“Kenny was in tenth grade, he was severely beaten in the school rest room because four other students thought he was gay. He had not yet come out to anyone. They kicked and punched him incessantly. Fortunately, all the bruises were on his body and not his face. He was able to hide the bruises from his parents. He did not report this to the teachers, because they would not have done anything. When Kenny turned 18, he sat in his bedroom with a loaded .38 handgun, and thought about killing himself. Thank God he did not.
“Now the stories of Donte, Rosie, and Kenny are all true. But there is an important difference with Kenny’s story. He is one of us. He was baptized at Calvary UMC in MaryDel. He was confirmed at Peninsula UMC at 20th and Washington in Wilmington. And he was a long-time member of St. Paul’s UMC on Faulk Rd. in Wilmington. Today, he and his partner are very active at Epworth UMC in Rehoboth Beach. Vote in favor of R-7. A vote against R-7, or a vote to table R-7 is a vote IN FAVOR of continuing the bullying of LGBT youth, even those who sit across the pew from us in church. This is a critical Resolution that will affect OUR LGBT youth.”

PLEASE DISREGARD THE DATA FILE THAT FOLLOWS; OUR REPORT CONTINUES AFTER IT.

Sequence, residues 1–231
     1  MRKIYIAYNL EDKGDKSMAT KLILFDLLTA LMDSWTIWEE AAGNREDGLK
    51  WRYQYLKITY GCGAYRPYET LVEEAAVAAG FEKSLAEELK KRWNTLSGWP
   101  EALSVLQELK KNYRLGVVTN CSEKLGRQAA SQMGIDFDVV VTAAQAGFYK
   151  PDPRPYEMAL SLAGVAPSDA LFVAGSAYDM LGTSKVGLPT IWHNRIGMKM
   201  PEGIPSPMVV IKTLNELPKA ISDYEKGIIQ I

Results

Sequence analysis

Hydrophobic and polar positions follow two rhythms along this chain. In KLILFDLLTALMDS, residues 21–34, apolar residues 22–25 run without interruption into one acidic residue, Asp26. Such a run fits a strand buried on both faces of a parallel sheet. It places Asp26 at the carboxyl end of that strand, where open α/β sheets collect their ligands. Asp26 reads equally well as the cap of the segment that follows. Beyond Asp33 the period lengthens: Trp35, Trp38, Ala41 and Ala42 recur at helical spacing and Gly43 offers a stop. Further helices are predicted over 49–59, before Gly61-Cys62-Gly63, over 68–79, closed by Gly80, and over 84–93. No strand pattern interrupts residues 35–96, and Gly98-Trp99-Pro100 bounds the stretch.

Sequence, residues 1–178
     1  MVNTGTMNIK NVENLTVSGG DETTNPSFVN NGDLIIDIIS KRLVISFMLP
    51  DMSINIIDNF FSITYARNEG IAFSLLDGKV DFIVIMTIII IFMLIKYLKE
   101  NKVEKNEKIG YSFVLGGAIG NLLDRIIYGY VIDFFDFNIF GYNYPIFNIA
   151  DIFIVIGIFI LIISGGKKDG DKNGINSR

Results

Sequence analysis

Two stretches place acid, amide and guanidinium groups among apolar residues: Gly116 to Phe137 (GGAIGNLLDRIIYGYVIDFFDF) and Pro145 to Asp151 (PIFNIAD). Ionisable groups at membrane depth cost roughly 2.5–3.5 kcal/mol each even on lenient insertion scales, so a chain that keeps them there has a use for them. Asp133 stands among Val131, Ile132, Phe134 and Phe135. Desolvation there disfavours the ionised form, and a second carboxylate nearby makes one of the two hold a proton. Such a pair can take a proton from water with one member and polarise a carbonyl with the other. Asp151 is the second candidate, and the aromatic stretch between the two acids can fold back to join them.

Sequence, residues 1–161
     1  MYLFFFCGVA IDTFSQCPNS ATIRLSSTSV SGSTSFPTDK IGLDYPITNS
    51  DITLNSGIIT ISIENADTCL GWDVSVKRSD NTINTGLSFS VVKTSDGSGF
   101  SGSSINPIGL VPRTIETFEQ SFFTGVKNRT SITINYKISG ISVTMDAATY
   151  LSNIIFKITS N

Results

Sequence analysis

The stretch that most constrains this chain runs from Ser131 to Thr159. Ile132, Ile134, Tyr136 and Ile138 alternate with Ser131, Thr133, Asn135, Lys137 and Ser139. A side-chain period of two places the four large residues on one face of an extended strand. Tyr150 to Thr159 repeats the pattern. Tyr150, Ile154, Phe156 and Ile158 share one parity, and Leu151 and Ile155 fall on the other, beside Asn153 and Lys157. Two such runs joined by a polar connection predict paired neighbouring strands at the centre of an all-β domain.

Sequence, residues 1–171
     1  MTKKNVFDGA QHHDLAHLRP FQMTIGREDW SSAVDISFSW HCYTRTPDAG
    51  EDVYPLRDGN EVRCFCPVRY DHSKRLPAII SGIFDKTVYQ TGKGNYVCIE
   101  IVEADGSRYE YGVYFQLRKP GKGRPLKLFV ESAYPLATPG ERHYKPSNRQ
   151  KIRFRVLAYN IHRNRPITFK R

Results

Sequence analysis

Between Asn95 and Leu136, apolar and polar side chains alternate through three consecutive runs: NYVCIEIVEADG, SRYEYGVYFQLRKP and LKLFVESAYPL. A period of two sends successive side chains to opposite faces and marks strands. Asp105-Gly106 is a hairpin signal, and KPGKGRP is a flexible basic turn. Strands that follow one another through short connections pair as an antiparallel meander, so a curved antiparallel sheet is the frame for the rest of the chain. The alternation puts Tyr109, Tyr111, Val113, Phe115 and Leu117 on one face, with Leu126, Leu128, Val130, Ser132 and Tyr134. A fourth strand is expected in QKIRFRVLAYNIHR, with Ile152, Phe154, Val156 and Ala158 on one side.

The Resolution was heavily amended, stripping its language of its meaning and purpose. While the Resolution passed, it bore little resemblance to its original intent.
The one person who has tremendous influence across our country in establishing anti-bullying measures in public school districts is the one person who has chosen to ignore the concerns of the LGBTQ community. From a Psychology Today article by Jack Turban come these reflections: “The U.S. Secretary of Education Betsy DeVos plans to do nothing, when it comes to anti-LGBT policies in schools receiving federal funding. During Congressional testimony, US Rep. Katherine Clark (D-Massachusetts) asked DeVos about Indiana’s Lighthouse Christian Academy. The school receives over $665,000 in school vouchers. The school also states in its handbook that if a student is from a home in which a “homosexual lifestyle” or “alternate gender identity” is practiced, that the student can be denied admission, or expelled.